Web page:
So how does blood pool in your body?
When your heart pumps, it pushes blood through your arteries and keeps all the factors mixed up. But by the time blood gets through the capillaries and into the veins, it doesn't move as fast. Gravity makes it even HARDER for blood to flow back up to the heart from your lower body.
Because of this, your body has other 'pumps,' which help move blood back to the heart.
The most important pump is called the 'muscular pump.' When you're moving around, the muscles in your legs contract and relax. When they do this, they squeeze the veins in your legs. Your veins have one-way valves that only let blood flow forward. So if the veins are squeezed, this forces blood to move in one direction--toward your heart. But in order for this pump to work, you need to be using the muscles in your legs.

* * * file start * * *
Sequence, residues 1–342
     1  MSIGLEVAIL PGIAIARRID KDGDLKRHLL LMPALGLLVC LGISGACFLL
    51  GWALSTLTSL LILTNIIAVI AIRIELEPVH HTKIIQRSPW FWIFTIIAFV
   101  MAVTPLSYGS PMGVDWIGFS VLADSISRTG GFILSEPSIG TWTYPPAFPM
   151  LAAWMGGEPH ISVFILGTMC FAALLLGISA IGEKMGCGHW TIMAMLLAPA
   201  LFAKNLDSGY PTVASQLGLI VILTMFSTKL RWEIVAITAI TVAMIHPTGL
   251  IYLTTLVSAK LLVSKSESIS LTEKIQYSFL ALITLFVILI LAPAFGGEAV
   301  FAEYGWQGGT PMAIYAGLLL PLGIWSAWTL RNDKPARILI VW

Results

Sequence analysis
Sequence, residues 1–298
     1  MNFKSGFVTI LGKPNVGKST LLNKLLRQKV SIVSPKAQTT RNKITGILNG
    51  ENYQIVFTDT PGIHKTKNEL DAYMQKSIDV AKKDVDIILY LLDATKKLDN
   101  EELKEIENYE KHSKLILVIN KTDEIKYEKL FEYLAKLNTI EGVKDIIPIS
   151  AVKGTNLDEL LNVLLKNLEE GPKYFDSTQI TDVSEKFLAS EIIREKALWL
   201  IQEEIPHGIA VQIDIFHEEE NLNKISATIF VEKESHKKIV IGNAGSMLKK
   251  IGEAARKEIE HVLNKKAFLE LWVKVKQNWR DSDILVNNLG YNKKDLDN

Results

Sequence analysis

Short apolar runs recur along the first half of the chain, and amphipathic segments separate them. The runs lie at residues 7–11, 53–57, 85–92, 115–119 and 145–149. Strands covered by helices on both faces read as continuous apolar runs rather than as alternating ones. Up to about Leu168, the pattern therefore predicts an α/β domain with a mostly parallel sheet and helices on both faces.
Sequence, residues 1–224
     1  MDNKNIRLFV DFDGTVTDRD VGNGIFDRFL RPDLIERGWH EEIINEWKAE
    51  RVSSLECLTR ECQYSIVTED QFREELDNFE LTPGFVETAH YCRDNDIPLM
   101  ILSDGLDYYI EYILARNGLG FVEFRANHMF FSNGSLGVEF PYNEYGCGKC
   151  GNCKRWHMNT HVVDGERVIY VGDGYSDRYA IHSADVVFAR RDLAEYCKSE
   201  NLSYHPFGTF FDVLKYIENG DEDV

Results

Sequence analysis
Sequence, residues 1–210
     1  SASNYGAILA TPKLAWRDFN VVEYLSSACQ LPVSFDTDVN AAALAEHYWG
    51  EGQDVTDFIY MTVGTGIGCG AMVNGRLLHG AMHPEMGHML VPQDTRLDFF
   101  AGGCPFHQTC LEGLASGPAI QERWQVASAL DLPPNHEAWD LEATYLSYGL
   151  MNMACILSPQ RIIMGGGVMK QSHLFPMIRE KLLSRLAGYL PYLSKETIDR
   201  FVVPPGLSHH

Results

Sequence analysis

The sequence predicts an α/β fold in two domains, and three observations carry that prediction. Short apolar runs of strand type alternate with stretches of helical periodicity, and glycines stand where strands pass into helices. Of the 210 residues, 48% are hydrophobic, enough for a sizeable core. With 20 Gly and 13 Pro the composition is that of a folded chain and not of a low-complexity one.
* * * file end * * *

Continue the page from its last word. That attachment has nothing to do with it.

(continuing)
For people who don't exercise or can't move around very well, the muscular pump won't be as active, and therefore can't cycle blood back to the heart as well. This increases the risk of blood pooling in the legs.
As we mentioned earlier, when blood pools in areas of your body, it makes it more likely for unwanted clots to form.